50 years after the 4th WCC Assembly in Uppsala, Sweden − again one in Europe, and for the first time in Germany? Who would have thought that would happen!
In 2016, when I was at the WCC Central Committee meeting in Trondheim, Norway, I was asked for the first time whether I could imagine Germany as the location for the next assembly. I didn't have to think twice! I could very well imagine that! However, such an invitation needed the joint support of the German churches and a kind of polyphonic ecumenical consortium that would have to participate in the organization, implementation and, not least, financing.
In an initial conversation with the Chair of the Council of the Evangelical Church in Germany (EKD), Bishop Heinrich Bedford-Strohm, I was encouraged to contact all ecumenical partners to motivate them to issue an invitation together. In his speech of invitation he passionately reiterated:
“There are many things that we as Germans and Europeans can give to the WCC and a possible assembly in our country and on our continent. And we would love to give what we have to offer so that it can become a powerful, empowering, and well-organized gathering. The most important reason to invite you to Europe, however, is that we hope to receive. Europe needs you. Europe needs your spiritual inspiration. Europe needs your encouragement. Europe needs your joy in faith. Europe needs your questions about peace and justice. Europe needs your presence as a visible sign of the one world we all long for."
We were very pleased to learn that our enthusiasm was shared by so many in the German Protestant church leadership, by our sisters and brothers of other confessions, as well as by the government and secular authorities.
The joint invitation issued by the Evangelical Church in Germany (EKD), the Protestant Church in Baden, the Council of Christian Churches in Germany (ACK), the Union of Protestant Churches of Alsace and Lorraine (UEPAL) and the Evangelical Reformed Church in Switzerland was successful.
Thus, for the first time in the 70-year history of the WCC, the assembly will take place in Germany. A special feature was highlighted in the application: the 11th Assembly is to take place in the triangle between Germany, France and Switzerland and so will also cross national borders. Events are planned for Karlsruhe and the surrounding area, in Strasbourg and Alsace, in Basel and the Swiss region. The triangle is a place of great symbolism for us when it comes to meeting and talking about peace and reconciliation.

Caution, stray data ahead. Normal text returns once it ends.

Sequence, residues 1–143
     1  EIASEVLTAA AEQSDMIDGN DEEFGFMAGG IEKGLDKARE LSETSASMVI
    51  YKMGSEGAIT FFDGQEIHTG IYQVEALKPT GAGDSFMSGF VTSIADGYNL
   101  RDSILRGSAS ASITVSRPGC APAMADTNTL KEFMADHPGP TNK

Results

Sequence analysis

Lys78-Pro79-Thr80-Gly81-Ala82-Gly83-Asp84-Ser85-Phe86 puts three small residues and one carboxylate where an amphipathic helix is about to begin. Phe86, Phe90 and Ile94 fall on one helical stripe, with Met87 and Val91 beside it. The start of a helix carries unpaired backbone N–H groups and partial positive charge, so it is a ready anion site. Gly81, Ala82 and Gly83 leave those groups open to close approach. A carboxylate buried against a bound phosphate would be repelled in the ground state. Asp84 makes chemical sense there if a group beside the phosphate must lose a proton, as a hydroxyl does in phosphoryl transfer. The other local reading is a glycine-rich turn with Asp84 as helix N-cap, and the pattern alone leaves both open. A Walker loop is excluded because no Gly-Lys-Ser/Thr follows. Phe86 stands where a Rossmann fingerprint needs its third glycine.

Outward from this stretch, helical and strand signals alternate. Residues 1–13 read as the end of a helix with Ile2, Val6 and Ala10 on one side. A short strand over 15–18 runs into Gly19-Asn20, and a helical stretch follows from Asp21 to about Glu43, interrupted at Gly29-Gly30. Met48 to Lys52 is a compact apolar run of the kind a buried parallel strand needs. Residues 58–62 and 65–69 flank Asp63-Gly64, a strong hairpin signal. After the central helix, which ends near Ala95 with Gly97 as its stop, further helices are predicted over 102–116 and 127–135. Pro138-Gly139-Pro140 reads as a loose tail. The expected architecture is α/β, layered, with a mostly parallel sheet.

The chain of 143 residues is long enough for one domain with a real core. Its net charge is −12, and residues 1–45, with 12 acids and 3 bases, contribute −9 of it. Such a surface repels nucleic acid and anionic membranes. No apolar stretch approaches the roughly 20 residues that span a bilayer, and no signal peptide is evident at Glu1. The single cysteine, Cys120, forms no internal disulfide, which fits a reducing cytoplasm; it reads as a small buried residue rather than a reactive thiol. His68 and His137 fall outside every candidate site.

In close cooperation with the WCC, the host churches in Germany, France and Switzerland are preparing for their activities during the Assembly. This includes ecumenical encounters, excursions and the weekend programme with a cultural evening, which is intended to offer an entertaining insight into the history, special characteristics and challenges of the European region. Numerous public figures from politics and society are to be invited to this cultural evening.
There are many expectations of an event like an Assembly. It will certainly not be possible to fulfil them all, especially since it must now be planned and carried out under conditions caused by the Covid pandemic.
My expectation is that there will be a real encounter. We in Europe need to meet the churches from all over the world. I hope that we will learn from them to see our work and our role as churches from a different perspective. I hope for inspiration for our faith and a clear and unmistakable testimony for justice and peace, for hope and confidence. I hope for an important boost for our ecumenical situation in Europe and in Germany.
Often we have the feeling that we have already clarified a lot theologically, but on a practical level we do not yet dare to draw the conclusions. The Assembly and its witness to stronger unity could help us to be more consistent and courageous in our ecumenical cooperation on the ground.
Last but not least, I hope that the Assembly will strengthen the role and responsibility of the churches in our society. The preparations show that secular and cultural institutions and politicians are particularly interested in the Assembly. They recognize that the churches and religious communities are important multipliers and drivers for social development.
I hope that the Assembly will send out a wake-up call around the world. Especially in a situation in which cohesion and closeness are put to the test by the Covid pandemic, where our vulnerability comes into focus, the Assembly can send an important message: only together can we manage to face the challenges of our time. Those who merely pursue their own interests cannot build a peaceful and just society. Privileges erode constructive coexistence, and racism and injustice destroy a stable community. If we can counter these current trends not only with a clear message but also with a lived testimony of unity, justice and peace, then all the effort will have been worth it.
Together with other churches around the world we can be a strong voice for peace and justice. We can denounce abuses. And we can work for the great potential for peace that exists between the religions of the world on an interreligious basis. When looking at present political realities, I think that such partnerships across continents are perhaps more important today than ever before - as are international ecumenical church fellowships like the World Council of Churches.
In Uppsala in 1968, the ecumenical movement took an important step forward with the public commitment of the 4th Assembly to work for justice and peace throughout the world. Which path will the 11th WCC Assembly take − 54 years later in Karlsruhe?